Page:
Airports, water boards, harbours and power utilities all play a vital role in South Africa’s economy, but what happens when staff at these state-owned enterprises (SOEs) rig multibillion-rand tenders or dish out jobs to their ill-suited friends and family? In this feature, we examine the dozens of tip-offs we’ve received about this kind of corruption to give you insight into the trends that we are picking up.
Corruption Watch received 49 reports from the public about corruption in SOEs between January 2012 and April 2013, accounting for over 3% of all corruption complaints received during this period.
Many of these involved vast amounts of money and flagged weaknesses in procurement and employment processes. Considering that our parastatals are vital for the functioning of the country and provision of basic services, corruption that erodes the ability and integrity of these institutions is worrying.
Complaints implicated 12 out of the 132 SOEs in the country, most notably in the energy (28.6%), transport (24.5%) and health (10.2%) sectors.
Many of the country’s SOEs have headquarters in metropolitan areas to make service delivery more convenient, and the origins of the reports from the public reflect this. Gauteng leads as the province with the greatest number of SOE-related complaints, with Western Cape and Eastern Cape coming in at joint second. No cases have come from North West, Northern Cape or Mpumalanga.
The type of corruption cited most frequently is procurement-related corruption (46.9%) followed by corruption related to employment (30.6%), which includes nepotism or staff soliciting bribes from job-seekers. Incidents of abuse of power have also been recorded.
Here the hotspots are procurement processes and supply-chain management, and the nature of complaints includes manipulating tender applications to favour certain preferred suppliers. An example of this is:
“I was told confidentially by an internal source at *name of SOE withheld*, that a Tender was received by Fax one day after the closing date, and consequently added to the tender list. The Tender was for a *description of contract withheld*. The recipient of this faxed tender was *individual’s name withheld* from *name of company withheld*. This tender was then recommended by *individual’s name withheld* to be appointed. I understand from my source that he escaped any kind of censure because his uncle is his superior and protects him”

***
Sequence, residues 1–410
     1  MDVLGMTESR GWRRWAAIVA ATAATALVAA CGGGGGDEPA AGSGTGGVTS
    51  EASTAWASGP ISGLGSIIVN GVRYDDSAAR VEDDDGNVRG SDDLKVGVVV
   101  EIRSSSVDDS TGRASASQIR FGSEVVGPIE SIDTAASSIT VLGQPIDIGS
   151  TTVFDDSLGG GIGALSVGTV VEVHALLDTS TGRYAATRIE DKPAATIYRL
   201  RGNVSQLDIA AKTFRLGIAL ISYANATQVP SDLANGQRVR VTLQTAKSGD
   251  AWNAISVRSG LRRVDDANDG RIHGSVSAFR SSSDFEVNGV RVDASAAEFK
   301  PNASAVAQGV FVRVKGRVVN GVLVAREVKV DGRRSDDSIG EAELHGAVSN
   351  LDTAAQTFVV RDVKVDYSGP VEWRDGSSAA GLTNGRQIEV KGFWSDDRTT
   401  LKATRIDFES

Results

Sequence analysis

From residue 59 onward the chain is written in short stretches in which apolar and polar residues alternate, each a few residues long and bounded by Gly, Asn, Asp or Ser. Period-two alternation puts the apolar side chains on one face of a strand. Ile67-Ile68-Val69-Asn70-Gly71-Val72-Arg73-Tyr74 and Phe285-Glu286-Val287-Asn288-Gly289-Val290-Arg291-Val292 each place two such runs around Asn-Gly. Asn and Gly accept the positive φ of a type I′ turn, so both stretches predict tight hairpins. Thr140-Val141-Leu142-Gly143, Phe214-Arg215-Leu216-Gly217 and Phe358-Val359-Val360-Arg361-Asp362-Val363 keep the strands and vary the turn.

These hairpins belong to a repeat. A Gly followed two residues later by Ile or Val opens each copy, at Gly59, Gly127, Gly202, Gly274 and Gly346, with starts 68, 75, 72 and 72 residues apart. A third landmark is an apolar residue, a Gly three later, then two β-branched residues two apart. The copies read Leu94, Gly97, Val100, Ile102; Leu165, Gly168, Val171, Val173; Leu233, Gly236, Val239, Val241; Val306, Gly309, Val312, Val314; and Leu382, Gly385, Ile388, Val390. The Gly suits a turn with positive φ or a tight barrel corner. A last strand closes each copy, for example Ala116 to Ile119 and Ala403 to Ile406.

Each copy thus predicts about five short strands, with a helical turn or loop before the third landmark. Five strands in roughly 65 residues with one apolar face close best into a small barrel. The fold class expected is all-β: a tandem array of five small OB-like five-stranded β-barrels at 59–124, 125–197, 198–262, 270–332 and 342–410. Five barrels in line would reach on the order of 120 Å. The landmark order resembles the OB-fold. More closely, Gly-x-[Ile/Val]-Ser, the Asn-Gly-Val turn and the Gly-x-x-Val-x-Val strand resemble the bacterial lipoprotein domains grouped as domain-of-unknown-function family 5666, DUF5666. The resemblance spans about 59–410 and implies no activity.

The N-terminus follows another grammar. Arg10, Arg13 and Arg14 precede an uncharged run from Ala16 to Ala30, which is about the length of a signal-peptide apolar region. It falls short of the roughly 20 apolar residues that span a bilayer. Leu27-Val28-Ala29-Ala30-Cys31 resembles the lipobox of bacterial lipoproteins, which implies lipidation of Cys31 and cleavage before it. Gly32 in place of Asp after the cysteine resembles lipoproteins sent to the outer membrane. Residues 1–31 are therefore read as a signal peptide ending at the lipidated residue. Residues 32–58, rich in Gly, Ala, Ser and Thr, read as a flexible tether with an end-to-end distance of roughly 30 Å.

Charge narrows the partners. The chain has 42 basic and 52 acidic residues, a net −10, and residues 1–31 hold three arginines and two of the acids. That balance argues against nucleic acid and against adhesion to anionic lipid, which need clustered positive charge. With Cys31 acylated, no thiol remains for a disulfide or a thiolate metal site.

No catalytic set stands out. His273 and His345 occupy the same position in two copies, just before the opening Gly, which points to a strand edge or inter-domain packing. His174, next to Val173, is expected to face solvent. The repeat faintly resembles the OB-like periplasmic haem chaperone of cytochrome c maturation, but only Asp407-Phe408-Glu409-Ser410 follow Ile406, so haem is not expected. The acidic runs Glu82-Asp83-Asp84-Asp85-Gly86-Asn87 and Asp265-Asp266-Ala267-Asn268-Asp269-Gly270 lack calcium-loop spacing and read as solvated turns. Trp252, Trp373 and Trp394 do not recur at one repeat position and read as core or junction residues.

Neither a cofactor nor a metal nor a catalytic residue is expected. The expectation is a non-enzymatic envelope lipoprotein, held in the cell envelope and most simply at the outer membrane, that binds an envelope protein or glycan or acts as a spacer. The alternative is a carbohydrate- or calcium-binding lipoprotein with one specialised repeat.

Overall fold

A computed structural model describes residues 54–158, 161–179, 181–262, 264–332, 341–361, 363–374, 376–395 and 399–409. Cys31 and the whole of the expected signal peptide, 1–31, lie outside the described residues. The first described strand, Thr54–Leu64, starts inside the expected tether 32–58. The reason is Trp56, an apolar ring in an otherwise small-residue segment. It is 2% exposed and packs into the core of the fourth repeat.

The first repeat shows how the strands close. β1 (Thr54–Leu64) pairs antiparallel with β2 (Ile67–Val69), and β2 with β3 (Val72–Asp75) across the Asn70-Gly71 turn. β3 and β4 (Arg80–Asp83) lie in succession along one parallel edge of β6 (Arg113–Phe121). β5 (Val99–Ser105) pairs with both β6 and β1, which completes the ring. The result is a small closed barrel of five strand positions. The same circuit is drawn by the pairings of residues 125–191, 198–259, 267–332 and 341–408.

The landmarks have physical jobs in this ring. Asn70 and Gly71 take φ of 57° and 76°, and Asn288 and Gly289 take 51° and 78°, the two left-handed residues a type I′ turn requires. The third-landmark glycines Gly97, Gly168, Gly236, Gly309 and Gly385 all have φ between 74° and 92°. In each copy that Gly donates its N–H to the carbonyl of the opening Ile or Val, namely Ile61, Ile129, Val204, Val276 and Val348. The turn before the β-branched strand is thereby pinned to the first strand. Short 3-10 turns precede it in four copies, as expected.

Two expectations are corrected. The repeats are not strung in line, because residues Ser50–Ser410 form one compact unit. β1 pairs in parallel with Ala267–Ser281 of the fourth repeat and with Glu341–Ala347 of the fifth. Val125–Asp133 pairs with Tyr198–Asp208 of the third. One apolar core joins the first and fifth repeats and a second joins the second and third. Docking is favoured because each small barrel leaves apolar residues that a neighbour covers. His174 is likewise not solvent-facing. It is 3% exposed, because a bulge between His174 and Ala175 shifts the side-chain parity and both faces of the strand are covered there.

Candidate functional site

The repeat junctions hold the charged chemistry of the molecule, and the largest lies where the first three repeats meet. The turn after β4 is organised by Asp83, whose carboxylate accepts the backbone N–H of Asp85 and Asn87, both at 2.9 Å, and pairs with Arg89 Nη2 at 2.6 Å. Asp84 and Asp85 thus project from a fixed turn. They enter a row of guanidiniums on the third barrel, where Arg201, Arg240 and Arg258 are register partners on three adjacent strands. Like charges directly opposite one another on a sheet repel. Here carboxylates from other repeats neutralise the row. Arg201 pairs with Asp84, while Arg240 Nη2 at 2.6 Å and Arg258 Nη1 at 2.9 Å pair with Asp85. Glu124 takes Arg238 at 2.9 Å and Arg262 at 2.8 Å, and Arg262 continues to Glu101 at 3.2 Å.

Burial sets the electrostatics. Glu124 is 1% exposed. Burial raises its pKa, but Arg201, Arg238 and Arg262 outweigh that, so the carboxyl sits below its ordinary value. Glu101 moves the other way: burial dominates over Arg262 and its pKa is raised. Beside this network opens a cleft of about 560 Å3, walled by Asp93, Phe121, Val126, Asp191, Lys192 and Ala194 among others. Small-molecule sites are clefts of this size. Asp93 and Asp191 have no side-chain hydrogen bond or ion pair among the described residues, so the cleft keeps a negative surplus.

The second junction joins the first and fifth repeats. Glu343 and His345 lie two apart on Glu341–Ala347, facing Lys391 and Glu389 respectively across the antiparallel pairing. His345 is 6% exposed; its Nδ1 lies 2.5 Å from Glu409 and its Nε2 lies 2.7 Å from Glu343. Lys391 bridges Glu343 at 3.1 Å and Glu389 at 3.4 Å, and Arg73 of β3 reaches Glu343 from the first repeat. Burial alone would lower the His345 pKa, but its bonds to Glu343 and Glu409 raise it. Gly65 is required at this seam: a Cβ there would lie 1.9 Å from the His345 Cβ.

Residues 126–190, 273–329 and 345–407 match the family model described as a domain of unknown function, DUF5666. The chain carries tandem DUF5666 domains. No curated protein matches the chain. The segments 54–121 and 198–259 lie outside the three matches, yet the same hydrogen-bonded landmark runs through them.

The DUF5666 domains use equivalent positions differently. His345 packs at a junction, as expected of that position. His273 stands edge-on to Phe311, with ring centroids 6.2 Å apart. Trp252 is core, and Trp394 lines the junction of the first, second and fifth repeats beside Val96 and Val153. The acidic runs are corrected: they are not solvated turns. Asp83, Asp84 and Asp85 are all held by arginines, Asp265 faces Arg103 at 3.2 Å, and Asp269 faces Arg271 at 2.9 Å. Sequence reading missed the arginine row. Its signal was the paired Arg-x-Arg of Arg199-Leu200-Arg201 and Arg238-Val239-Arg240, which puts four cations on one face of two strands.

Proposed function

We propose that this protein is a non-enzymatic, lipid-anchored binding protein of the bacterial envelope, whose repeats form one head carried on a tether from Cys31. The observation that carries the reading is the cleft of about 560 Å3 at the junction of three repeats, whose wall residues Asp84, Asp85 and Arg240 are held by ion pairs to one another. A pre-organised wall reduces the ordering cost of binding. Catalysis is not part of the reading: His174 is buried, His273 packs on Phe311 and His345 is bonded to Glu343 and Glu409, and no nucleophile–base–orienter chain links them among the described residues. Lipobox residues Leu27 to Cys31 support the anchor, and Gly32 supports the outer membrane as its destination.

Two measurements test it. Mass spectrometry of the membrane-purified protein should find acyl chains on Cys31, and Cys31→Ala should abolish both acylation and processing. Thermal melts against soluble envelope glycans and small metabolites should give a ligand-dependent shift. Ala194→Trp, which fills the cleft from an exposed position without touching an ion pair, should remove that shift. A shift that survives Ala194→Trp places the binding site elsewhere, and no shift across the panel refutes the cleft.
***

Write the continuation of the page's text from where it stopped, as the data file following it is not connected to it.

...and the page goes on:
Other allegations by the public claim nepotism in staff appointments, technicians soliciting bribes in return for the installation of electricity meters and individuals mismanaging pension funds.
Transport SOEs seem to be plagued by bribery, with complaints about job-seekers being asked to cough up bribes of between R3 500 and R5 000 to secure work there. Tender irregularities and favouring certain suppliers have also been highlighted in reports from the public, as well as nepotistic staff appointments, as one reporter notes:
“Would appreciate it, if the the would be an investigation done,please look in to the hiring of certain fortunate individuals in *name of SOE withheld* were employed? *Name of individual withheld*, wife of *name of individual withheld* got employed? There was no advertisement, just a formal notice (rumors) in corridors that the "wife" will be working in *name of SOE withheld* as a communications manager- she used to work as a PA for the Regional Manager *name of individual withheld*. *Name of individual withheld* (well connected, government officials-top management ,she works very hard in clocking solitaire games and buying various land sites, yet she sits the whole day and gets paid, every month very strange how she came in, didn't have a time sheet for 3months yet head office *name of SOE withheld* still paid her!!”
Cases implicating a certain SOE in the health industry mainly came from Gauteng. The predominant type of corruption cited was in procurement, detailing contracts being awarded without being advertised, and which did not go through the required processes. One complaint from a whistleblower indicates that a senior official at the entity had been involved in a fraudulent transaction, and that a forensic audit had been done, but that there had been no consequences:
“I am a senior manager and have reported to our board about fraudulent activities and they have not responded. I have information that implicates one of our executives in a fraudulent transaction. Previously this executive was to be charged according to the recommendation of the forensic report but nothing was done.”